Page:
Lieutenant E. C. Barton led forward a small party, Sergeant W. Moore and nine men. Working their way from shell-hole to shell-hole they advanced some five hundred yards under heavy fire, closed in on the block-house and rushed it, killing or capturing all its garrison ( Lieut. Barton was awarded the M.C. Sergt Moore was awarded the D.C.M.) .

Further along the line the advance was held up by a light machine-gun firing from a shell-hole. Two Lewis-gunners, Lance-Corporal Charles Richards and Private Sydney Fudger, brought their weapon into action. The German machine-gun ceased fire, but reopened as soon as the advance was resumed. The two Lewis-gunners promptly attacked. The Lance-Corporal shot down the German gun-team with his revolver and captured the machine-gun ( L/Cpl. Richards and Pte. Fudger were awarded the D.C.M.).

Those brave deeds enabled the advance to continue. The attacking platoons breasted the slope, crossed the sky line, and dug in on their objective, the forward crest of the spur, facing the Westhoek Ridge.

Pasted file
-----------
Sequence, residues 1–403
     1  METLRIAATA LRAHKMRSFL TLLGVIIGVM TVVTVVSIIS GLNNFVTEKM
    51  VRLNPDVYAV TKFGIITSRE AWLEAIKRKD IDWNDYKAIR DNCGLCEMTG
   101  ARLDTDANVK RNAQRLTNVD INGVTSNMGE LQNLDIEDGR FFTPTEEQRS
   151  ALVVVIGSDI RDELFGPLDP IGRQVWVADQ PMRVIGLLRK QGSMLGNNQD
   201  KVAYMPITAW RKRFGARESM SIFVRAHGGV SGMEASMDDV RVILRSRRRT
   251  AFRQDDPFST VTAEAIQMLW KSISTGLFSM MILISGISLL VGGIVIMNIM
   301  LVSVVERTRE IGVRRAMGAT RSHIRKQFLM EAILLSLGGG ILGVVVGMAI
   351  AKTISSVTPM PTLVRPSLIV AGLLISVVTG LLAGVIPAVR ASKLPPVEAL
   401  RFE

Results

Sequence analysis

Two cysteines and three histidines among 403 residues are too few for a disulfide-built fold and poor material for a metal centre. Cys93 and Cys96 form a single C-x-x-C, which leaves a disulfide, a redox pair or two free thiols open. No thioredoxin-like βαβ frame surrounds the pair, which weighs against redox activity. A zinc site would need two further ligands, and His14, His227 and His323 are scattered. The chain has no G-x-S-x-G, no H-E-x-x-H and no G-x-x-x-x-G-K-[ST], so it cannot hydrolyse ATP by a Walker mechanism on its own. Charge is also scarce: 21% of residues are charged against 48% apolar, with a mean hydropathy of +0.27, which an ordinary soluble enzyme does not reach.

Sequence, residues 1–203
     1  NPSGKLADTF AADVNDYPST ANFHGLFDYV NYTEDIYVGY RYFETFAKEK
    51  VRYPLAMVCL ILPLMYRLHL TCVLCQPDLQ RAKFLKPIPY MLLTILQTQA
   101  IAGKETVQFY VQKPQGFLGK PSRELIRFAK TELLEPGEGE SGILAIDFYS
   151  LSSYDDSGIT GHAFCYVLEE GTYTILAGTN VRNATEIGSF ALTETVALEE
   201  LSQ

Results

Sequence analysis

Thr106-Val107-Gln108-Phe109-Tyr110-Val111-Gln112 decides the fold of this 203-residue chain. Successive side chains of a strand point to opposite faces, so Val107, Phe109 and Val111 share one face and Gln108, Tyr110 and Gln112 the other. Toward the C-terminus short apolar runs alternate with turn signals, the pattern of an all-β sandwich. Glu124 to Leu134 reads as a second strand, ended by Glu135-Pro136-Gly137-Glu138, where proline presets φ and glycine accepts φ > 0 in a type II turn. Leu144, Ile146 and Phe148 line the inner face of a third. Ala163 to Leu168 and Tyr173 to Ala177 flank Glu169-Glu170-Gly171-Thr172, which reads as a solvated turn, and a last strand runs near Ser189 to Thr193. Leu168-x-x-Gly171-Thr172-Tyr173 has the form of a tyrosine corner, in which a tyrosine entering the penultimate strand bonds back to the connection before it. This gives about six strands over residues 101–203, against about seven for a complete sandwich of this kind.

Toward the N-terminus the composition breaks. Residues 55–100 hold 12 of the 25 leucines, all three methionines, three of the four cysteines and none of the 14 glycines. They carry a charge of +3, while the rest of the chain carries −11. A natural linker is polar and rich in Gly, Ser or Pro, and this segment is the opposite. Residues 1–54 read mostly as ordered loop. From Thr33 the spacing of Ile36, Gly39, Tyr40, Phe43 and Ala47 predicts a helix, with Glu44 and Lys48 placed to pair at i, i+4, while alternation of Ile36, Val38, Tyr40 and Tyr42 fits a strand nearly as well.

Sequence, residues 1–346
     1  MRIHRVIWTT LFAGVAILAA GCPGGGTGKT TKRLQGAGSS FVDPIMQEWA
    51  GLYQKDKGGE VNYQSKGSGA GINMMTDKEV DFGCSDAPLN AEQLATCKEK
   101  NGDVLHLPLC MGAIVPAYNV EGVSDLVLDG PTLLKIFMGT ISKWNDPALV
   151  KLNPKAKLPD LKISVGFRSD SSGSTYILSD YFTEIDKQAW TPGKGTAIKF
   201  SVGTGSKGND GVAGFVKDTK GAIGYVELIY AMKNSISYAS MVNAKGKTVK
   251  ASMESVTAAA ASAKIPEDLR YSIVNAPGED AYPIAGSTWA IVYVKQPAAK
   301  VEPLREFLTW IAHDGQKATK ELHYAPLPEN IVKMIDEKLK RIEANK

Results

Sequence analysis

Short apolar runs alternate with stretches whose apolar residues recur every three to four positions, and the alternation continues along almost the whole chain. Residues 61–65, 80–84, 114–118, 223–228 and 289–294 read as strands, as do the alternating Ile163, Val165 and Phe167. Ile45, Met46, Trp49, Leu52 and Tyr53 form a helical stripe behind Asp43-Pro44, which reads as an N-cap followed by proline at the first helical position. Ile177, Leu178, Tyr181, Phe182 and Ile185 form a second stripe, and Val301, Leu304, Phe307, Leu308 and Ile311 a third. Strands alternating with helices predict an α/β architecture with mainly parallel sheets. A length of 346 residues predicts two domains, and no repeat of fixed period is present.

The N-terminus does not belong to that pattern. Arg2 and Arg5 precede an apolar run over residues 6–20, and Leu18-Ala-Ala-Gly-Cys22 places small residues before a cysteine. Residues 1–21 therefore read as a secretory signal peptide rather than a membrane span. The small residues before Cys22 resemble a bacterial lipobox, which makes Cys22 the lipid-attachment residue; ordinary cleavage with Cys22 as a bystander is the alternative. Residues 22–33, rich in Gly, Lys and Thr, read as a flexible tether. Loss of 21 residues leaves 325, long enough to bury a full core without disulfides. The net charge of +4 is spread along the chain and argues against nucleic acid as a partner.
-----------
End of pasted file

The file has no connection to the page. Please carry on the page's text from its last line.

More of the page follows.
Details of the attack on the 31st July 1917

On the left the 2nd Battalion Northamptonshire Regiment had stormed the ruins of Hooge and Bellewaerde Farm and had gained the highest ground of the Bellewaerde Ridge. The first phase of the attack had been triumphantly accomplished (Further to the left the attack of the 23rd Brigade had been equally successful. That Brigade was commanded with conspicuous gallantry by Colonel Grogan, the former Commanding Officer of the 1st Worcestershire. His Brigade-Major, Captain F. C. Roberts of the Regiment, was awarded the M.C. for daring personal reconnaissances made during the day under heavy fire. During that same day, Major H, St. J. Jefferies of the Regiment, commanding another battalion of the 8th Division, the 1st W. Yorks, also gained the D.S.O.).

Tree stumps of Chateau Wood

Then, according to the plan, the two supporting battalions of the 24th Brigade were to come through and take the next objective. Tanks were to assist in that second phase, and soon the tanks were seen approaching, lumbering forward over the captured trenches; but the boggy ground rendered their movements slow and clumsy, most of them were "ditched" or broke down, and the only one which came past the Battalion was hit and destroyed by shell-fire.

The enemy's gun-fire increased. Under a rain of bursting shells the 2nd Battalion East Lancashire Regiment advanced through the lines of the 1st Battalion Worcestershire Regiment and pressed on to attack Westhoek. The fire was too fierce to permit of final success, and presently the East Lancashire Regiment, after losing heavily, were forced to halt and dig in short of their objective.